• For “every”, we have that $\forall(A, B)$ if and only if $A \subseteq B$, or, equivalently, $|A \setminus B| = 0$.
• For each natural number $n$, we have that $\exists(A, B)$ if and only if $|A \cap B| \ge n$.
• For “most”, we have that $M(A, B)$ if and only if $|A \cap B| \ge |A \setminus B|$.

In order for these to count as quantifiers, our definition must allow us to compare the cardinalities as well as refer to them. We also need to refer to the cardinalities of combinations of the two arguments of $A$ and $B$, such as $A \cap B$ and $A \setminus B$, as well as $|A|$ and $|B|$. And, although none of the definitions above involve the logical connectives $\wedge$ (AND) and $\vee$ (OR), we will need them for more complex quantifiers that are formed as phrases, such as “most but not all”.

The question of exactly which combinations of sets we need to refer to is quite an interesting one. Given our two arguments $A$ and $B$, we can see all the possible combinations by drawing a Venn diagram:

There are four disjoint regions in this Venn diagram, corresponding to the sets $A \cap B$, $A \setminus B$, $B \setminus A$ and (not labelled, but we mustn’t forget it) $U \setminus (A \cup B)$ (where $U$ is the universal set). We also might need to refer to regions that are composed of two or more of these disjoint regions, but such regions can be referred to by using $\cup$ to refer to the union of the disjoint regions.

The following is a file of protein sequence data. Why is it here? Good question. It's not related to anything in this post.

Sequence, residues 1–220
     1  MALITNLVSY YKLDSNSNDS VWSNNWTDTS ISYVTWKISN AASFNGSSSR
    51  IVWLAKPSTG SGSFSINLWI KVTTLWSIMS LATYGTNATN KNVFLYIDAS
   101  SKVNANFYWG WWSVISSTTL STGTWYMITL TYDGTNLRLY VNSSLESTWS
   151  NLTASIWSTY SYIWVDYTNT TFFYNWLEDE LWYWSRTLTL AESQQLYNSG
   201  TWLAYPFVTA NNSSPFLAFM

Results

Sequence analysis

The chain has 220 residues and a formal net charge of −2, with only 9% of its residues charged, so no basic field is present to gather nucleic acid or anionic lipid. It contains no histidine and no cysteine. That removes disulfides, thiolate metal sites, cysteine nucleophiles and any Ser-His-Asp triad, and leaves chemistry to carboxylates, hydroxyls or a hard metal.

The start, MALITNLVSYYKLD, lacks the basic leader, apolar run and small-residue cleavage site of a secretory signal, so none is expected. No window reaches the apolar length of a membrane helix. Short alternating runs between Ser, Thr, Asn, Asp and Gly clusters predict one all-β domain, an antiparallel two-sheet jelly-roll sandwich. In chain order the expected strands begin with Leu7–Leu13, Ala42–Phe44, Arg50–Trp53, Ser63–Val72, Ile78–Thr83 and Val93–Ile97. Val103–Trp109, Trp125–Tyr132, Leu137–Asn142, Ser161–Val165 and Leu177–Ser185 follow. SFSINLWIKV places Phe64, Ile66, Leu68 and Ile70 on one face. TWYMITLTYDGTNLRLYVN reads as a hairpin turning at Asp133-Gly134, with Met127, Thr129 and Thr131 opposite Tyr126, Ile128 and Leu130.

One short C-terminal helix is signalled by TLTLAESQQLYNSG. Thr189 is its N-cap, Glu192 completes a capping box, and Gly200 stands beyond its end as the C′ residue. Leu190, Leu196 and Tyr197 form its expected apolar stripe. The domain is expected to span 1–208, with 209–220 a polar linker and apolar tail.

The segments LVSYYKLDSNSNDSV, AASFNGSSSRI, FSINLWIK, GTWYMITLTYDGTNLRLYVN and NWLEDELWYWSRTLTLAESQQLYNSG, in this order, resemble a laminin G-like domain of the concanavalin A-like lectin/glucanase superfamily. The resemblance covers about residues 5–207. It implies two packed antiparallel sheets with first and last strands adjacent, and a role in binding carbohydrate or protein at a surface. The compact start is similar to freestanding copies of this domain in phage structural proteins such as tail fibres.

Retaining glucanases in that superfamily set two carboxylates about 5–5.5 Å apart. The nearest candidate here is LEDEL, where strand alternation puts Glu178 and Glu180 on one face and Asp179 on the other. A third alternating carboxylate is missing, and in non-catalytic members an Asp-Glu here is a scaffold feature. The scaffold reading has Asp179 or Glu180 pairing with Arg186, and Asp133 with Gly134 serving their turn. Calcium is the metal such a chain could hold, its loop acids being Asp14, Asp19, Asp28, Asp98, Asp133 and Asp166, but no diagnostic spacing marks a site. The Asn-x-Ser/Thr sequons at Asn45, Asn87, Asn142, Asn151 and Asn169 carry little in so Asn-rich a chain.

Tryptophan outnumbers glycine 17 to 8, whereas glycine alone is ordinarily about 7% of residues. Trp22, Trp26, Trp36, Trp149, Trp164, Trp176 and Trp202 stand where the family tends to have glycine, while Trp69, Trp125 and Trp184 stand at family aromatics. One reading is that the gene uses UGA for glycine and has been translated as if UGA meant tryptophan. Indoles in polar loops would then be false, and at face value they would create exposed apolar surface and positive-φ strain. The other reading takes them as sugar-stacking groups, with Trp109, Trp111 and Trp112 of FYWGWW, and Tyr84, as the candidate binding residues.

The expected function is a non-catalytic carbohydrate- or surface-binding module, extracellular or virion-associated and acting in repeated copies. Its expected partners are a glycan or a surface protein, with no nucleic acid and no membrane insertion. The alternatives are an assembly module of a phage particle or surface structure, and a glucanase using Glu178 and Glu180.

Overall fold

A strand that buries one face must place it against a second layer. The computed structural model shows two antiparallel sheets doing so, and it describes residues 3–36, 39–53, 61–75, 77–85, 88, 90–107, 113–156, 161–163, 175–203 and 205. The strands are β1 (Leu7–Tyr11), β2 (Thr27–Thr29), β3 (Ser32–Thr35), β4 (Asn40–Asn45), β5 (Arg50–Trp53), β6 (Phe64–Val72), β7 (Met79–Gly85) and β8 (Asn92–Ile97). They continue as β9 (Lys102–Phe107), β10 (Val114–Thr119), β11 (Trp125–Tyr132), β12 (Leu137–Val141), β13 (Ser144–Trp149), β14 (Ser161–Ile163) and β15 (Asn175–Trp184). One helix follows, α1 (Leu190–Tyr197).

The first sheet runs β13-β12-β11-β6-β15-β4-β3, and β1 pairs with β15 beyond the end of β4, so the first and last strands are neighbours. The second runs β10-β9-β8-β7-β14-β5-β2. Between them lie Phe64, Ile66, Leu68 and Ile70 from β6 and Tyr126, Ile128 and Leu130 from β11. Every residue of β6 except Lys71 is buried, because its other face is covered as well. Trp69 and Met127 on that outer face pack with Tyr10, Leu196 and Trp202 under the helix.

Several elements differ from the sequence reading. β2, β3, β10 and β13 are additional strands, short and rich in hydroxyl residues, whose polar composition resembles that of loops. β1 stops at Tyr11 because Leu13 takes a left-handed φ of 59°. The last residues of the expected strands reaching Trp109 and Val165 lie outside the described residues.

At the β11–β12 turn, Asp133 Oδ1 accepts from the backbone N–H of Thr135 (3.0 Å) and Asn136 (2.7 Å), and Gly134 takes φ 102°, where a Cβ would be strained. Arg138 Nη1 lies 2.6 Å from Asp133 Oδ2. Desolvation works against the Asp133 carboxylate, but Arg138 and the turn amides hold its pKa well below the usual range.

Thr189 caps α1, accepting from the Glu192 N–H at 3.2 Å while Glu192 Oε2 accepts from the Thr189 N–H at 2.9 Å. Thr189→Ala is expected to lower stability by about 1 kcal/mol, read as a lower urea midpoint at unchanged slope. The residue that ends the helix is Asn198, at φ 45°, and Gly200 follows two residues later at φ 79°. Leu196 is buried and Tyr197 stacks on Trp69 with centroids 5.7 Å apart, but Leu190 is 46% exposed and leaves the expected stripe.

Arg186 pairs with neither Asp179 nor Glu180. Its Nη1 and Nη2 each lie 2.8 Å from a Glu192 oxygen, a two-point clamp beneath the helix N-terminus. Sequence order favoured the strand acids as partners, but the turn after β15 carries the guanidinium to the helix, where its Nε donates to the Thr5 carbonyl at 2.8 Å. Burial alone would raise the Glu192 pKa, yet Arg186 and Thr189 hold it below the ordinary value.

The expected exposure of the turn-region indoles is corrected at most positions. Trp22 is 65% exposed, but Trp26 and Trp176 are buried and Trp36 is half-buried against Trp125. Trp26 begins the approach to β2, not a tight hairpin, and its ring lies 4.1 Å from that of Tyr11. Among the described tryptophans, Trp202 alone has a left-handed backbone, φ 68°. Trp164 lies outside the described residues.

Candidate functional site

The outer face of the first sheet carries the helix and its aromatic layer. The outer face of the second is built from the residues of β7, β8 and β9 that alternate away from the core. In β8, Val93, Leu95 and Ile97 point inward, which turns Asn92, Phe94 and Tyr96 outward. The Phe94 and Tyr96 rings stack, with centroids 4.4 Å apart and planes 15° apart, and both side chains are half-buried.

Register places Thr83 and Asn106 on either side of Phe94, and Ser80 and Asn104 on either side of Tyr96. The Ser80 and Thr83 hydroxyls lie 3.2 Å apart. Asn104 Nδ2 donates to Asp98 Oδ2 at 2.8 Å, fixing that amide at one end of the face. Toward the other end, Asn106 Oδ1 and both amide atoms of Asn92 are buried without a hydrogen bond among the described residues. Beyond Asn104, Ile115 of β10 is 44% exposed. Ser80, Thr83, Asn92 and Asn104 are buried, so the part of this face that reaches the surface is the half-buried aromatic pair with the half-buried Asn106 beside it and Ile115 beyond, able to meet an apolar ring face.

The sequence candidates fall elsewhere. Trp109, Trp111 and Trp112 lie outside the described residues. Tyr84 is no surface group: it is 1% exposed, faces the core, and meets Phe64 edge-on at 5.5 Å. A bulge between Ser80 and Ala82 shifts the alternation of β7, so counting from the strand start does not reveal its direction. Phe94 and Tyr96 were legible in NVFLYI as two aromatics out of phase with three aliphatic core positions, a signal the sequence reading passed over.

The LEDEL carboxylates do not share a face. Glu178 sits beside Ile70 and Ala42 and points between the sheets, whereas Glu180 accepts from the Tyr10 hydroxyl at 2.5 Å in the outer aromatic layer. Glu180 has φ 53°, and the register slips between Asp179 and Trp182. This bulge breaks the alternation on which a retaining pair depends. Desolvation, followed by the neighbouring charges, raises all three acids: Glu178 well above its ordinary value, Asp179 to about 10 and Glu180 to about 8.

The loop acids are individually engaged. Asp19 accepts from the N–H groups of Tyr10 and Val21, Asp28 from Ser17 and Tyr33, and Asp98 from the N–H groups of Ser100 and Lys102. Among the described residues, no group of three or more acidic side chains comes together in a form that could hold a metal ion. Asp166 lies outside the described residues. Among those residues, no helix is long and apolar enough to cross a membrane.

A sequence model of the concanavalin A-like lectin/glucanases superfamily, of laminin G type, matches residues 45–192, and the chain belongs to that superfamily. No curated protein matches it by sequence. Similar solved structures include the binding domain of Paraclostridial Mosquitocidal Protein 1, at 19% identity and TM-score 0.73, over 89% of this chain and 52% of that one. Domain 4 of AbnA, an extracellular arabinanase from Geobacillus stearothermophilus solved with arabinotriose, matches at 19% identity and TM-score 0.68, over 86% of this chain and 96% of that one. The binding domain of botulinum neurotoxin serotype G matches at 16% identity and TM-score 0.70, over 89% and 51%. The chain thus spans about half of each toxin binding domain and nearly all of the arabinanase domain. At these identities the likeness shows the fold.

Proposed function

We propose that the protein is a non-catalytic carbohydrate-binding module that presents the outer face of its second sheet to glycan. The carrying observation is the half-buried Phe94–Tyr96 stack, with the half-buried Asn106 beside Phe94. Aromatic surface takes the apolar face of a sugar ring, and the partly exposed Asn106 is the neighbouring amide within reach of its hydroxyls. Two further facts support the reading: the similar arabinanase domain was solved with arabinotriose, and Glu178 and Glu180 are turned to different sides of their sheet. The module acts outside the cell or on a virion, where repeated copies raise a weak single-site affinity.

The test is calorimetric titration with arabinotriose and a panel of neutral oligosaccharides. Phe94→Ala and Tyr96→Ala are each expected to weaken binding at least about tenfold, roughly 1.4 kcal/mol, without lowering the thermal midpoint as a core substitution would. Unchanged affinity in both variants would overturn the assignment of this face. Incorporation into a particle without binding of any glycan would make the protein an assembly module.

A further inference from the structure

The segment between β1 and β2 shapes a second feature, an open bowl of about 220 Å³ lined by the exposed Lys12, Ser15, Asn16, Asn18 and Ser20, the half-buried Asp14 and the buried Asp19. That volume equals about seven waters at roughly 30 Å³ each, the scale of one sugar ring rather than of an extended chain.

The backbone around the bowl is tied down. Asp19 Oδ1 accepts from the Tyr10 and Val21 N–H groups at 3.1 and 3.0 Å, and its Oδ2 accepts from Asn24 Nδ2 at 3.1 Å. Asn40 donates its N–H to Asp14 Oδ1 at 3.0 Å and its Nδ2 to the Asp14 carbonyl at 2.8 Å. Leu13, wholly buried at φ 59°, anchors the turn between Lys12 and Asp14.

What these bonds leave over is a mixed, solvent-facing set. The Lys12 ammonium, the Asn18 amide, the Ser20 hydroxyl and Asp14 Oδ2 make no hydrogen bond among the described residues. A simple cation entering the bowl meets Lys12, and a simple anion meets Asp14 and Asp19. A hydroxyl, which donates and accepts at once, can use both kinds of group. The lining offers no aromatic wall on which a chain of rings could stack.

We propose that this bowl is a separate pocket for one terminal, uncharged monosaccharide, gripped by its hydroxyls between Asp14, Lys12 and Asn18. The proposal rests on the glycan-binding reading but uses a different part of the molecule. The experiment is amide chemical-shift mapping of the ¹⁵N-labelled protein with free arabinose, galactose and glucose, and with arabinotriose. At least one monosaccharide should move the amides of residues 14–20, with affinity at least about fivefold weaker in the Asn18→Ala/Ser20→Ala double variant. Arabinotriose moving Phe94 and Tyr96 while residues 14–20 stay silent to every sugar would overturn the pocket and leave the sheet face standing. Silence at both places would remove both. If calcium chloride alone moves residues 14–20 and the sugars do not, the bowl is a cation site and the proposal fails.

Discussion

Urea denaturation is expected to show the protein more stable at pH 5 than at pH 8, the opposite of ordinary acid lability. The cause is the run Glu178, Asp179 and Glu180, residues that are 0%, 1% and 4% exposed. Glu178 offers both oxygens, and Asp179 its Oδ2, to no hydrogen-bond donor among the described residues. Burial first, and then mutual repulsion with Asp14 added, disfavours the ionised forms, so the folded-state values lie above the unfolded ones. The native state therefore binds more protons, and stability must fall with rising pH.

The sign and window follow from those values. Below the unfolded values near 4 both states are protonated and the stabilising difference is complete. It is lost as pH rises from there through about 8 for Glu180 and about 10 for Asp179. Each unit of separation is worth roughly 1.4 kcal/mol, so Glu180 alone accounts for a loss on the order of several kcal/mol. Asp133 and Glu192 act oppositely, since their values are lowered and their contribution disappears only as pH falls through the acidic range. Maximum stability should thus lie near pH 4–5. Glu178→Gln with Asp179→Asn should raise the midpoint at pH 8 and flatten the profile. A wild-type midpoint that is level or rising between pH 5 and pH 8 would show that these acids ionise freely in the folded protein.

But do we need to be able to refer to each of these disjoint regions? Note that in the definitions above, we only needed to refer to $|A \setminus B|$ and $|A \cap B|$, not to $|B \setminus A|$ and $|U \setminus (A \cup B)|$. In fact, it is thought that these are the only two disjoint regions that definitions of natural language quantifiers ever need to refer to. Quantifiers which can be defined without reference to $|U \setminus (A \cup B)|$ are called extensional quantifiers, and quantifiers which can be defined without reference to $|B \setminus A|$ are called conservative quantifiers. So now, if all this seems like pointless formalism to you, you might be relieved to see that we can make an actual falsifiable hypothesis:

Hypothesis 1. All natural language quantifiers are conservative and extensional.